Optical Communications – The future is bright
Joerg-Peter Elbers, Adtran
Optics and photonics have revolutionized telecommunications. Starting with an analysis of past successes, this talk will explore future challenges and opportunities in delivering broadband fiber connectivity – from the core through the door.
Experimentation enabled by the National Dark Fibre Facility
Martyn Fice, UCL
The National Dark Fibre Facility (NDFF) is a UKRI-EPSRC National Research Facility which provides researchers with access to a dedicated software-defined optical fibre network at the physical layer. Since being established in 2014, NDFF has supported research in a diverse range of areas, including quantum key distribution, quantum networks, 5G/6G wireless, optimisation of WDM systems using machine learning, time and frequency distribution, and virtual reality research. In this presentation, the capabilities provided by NDFF will be summarised and some examples of recent experiments carried out by users of the facility will be described.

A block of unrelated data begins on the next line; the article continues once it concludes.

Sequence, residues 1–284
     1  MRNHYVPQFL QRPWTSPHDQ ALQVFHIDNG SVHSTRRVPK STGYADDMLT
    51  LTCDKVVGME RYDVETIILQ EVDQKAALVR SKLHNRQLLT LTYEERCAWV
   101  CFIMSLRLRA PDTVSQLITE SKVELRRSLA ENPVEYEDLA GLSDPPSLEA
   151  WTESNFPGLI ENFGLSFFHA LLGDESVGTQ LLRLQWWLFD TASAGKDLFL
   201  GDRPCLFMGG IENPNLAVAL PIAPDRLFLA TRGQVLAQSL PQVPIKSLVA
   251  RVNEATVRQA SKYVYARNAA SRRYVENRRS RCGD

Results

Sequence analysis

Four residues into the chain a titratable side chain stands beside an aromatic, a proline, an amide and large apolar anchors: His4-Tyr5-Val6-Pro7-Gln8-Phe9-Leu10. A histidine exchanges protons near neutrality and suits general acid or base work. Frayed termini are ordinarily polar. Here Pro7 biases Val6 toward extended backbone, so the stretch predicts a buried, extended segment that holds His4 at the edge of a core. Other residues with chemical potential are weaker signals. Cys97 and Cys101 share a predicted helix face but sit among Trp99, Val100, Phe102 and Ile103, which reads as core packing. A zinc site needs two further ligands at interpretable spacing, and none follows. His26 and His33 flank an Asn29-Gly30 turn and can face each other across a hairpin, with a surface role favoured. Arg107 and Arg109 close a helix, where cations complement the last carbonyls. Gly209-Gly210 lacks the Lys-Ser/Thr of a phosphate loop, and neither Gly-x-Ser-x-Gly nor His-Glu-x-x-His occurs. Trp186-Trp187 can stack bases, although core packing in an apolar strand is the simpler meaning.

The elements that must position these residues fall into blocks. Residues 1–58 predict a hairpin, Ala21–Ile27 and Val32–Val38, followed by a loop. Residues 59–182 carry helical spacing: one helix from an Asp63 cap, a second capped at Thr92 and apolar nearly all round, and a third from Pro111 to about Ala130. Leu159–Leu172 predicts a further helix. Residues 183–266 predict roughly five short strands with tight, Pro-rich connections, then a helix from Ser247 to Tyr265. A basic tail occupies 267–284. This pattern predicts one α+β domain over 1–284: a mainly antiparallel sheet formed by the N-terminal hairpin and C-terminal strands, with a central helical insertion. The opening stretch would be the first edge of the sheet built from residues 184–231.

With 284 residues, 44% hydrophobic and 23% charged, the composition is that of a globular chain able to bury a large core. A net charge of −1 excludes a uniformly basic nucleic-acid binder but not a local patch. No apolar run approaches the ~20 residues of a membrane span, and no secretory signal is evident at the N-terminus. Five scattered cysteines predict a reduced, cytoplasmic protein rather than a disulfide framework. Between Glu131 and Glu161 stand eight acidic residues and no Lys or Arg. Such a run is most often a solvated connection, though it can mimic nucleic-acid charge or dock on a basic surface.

Integrating Hollow Core fibres with SMFs
Radan Slavik, Optoelectronics Research Centre, University of Southampton
Thanks to a strong suppression of light-glass interaction, hollow core fibres (HCFs) have many unique properties as compared to standard single-mode fibres (SMFs). These include low nonlinearity in combination with low attenuation and chromatic dispersion even at wavelengths outside 1550 nm telecom band. They also enable inserting of custom gases and liquids into the light path, of interest in sensors, gas cells, and nonlinear optics. Their design and manufacturing process have been maturing recently, making them of interest in a wide range of applications. We expect that many future fibre systems will be hybrid, including both, SMFs and HCFs. This will be initially to integrate HCFs into existing SMF systems or in the future to benefit from advantages of both fibre types. We will discuss current state-of-the art in interconnecting HCFs and SMFs, covering all important aspects such as insertion loss, back-reflection, suppression of multi-path interference, and robustness.